Less than a week after Finance Minister Ken Ofori-Atta presented mid -year budget review proposals to Parliament, which would raise the 2020 fiscal deficit from the originally targeted 4.7 percent of Gross Domestic Product to a record high 11.4 percent, economists and public policy analysts have increased their demands for a further upward review of the deficit projections to a crescendo.
Their demand is that energy debts and financial sector reform debts be included in the deficit computations rather than their being treated as below the line items as government has been doing since their emergence in 2017.
Instructively, these demands are being led by the International Monetary Fund itself, which included those debts in its own assessments of Ghana’s fiscal position, during its review of the country’s request for a Rapid Credit Facility earlier this year to support its public expenditure response to the outbreak of the COVID 19 pandemic.
Several indigenous prominent economists and public policy analyses institutions have since followed suit, led by immediate past Finance Minister Seth Terkper. Yesterday, Dr John Kwakye the renown economist who is Director of Research at the Institute of Economic Affairs added his voice to demands for government to include expenditure on servicing those debts to its fiscal balance computations. His call came barely hours after Ken Ofori-Atta clearly evaded questions on the issue from Bernard Avle, host of ‘Point of View’ a widely watched current affairs programme, aired on Citi TV.
While many critics of government’s stance accept that the energy sector debts can be discounted since ESLA Plc, the special purpose corporation established by government to deal with them, is using public revenues from a dedicated levy to service and amortize them, the financial sector reform costs are a different matter. Even after netting off recoveries being made by the appointed receivers, government is still indebted to the tune of some GHc19 billion through the special resolution bonds it has issued.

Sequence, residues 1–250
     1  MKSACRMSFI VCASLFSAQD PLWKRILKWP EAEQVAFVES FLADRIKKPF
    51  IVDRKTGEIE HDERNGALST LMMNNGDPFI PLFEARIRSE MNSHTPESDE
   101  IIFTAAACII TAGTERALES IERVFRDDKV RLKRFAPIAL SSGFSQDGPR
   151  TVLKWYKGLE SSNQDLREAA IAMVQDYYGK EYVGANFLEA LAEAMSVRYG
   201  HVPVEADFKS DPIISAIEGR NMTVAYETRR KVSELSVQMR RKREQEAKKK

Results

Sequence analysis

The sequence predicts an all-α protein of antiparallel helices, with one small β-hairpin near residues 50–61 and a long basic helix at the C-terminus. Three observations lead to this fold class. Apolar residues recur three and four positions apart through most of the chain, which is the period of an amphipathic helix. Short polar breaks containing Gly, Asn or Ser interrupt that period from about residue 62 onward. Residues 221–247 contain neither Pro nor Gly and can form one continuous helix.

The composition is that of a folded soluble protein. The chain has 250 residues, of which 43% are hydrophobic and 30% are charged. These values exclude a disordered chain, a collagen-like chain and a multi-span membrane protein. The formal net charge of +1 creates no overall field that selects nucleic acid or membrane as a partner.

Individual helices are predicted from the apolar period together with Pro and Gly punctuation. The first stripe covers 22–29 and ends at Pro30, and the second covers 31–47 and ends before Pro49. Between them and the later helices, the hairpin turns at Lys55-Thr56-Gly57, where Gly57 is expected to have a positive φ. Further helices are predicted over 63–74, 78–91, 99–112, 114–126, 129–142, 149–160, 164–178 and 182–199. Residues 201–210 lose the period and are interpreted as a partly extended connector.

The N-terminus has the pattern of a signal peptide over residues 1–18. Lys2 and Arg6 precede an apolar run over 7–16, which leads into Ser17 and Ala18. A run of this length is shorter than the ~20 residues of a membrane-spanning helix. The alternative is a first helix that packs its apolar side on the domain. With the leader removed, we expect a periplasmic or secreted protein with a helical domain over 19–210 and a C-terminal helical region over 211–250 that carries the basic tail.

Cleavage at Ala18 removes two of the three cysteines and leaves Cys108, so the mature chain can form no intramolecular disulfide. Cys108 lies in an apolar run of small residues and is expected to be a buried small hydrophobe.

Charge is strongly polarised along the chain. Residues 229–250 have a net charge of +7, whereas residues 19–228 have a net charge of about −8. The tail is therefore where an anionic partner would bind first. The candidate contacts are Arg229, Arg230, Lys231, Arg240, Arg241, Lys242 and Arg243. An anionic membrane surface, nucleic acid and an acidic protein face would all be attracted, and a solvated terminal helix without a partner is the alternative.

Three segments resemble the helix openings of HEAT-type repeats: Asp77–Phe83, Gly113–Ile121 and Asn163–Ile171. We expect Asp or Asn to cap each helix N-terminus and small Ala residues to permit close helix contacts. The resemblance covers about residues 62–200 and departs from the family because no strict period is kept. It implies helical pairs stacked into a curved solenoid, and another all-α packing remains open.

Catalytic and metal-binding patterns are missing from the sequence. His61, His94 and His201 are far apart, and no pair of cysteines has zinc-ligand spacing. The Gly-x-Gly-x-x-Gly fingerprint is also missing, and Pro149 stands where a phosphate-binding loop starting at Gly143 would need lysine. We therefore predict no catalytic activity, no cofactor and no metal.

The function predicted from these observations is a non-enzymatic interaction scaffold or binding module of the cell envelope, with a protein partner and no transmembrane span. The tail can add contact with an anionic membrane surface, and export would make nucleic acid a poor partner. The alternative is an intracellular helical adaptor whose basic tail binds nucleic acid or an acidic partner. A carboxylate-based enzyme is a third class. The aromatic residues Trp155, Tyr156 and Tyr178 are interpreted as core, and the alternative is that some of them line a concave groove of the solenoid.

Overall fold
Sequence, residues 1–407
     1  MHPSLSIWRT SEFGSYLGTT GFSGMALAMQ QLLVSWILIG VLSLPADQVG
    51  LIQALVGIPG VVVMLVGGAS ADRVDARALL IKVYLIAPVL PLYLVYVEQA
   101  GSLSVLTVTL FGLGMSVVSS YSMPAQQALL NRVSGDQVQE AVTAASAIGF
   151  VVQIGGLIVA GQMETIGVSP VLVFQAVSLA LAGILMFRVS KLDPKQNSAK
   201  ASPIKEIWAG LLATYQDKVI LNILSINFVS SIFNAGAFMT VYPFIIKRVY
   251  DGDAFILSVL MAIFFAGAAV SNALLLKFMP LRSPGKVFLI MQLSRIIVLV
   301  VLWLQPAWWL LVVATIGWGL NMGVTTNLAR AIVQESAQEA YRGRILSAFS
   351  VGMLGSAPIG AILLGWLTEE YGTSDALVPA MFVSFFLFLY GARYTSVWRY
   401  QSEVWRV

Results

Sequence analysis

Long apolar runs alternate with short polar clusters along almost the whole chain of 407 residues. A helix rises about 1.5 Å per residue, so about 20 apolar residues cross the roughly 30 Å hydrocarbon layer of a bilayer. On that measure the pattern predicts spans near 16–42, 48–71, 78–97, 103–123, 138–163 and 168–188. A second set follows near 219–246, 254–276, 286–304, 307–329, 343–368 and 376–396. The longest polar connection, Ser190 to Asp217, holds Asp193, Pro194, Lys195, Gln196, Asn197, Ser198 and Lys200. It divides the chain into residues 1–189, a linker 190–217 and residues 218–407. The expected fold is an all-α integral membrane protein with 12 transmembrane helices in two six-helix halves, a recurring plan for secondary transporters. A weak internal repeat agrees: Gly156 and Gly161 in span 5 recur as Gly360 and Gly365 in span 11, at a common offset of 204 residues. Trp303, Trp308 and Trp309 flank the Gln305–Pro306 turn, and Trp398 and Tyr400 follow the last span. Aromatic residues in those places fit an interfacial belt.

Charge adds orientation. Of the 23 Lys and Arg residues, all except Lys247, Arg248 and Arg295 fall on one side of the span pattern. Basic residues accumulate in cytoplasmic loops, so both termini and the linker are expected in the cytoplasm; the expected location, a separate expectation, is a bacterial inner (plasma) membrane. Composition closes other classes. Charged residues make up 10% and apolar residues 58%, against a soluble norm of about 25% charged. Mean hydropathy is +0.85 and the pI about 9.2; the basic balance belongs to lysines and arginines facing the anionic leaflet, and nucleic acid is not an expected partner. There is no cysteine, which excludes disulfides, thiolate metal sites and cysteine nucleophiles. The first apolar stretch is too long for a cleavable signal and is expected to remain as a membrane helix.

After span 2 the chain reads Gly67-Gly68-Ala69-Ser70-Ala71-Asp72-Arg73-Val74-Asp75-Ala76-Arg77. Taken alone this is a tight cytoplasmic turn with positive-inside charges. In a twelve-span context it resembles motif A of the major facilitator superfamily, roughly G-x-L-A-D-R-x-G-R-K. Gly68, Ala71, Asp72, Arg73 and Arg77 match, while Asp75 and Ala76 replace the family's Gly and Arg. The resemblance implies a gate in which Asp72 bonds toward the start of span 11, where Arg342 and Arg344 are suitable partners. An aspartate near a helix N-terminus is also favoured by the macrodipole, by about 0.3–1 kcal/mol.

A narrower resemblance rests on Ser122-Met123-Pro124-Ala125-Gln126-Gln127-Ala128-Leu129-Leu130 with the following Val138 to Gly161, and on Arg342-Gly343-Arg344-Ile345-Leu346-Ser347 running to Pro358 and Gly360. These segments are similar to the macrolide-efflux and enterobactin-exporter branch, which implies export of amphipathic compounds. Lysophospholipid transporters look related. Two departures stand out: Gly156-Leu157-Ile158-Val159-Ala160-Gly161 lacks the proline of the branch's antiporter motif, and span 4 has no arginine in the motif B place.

Government’s stance is that while it acknowledges the debt as part of the public debt, servicing them is not part of the fiscal deficit since they are “one-off” expenditures that are not part of its usual fiscal activities.
However critics are mounting pressure to treat them as part of the fiscal deficit since their servicing still needs to be financed. Indeed, the financial reform costs, financed at about 20 percent per annum – which is about the coupon rate paid by government on its medium term cedi denominated bond issuances currently – would amount to nearly GHc4 billion this year.
This would take the domestic component of the recently revised fiscal deficit financing requirement from government’s stated GH17.4 billion (out a total resource gap of GHc25.2 billion) to about GHc21 billion. Instructively GHc10 billion of this is being provided directly by the Bank of Ghana, so the financing required from domestic financial markets will amount to about GHc11 billion rather than GHc7.4 billion as claimed by government.
In effect this increases the requisite domestic financing from local financial markets by about one third, which means significant upward pressure on interest rates which would consequently affect both the availability and cost of credit for the private sector too. Financing the extra requirement from foreign sources is not an option since one of the condition for Ghana to benefit from the suspension of debt servicing on foreign bilateral debt under a G-20 initiative this year – which is suspending some US$500 million in debt servicing payments this year – is that beneficiary countries do not take further commercial financing from international financial markets during the rest of 2020.
Government officials privately admit that its stance on the financial sector reform debt in particular is dubious, but done for the interest of the state – a lower stated fiscal deficit improves its negotiating position for new financing and refinancing of existing debt.
However government’s critics insist that the cat is already out of the bag and so its stance simply results in incorrect public finance computations which cannot help it work its way out of the current COVID 19 instigated fiscal predicament.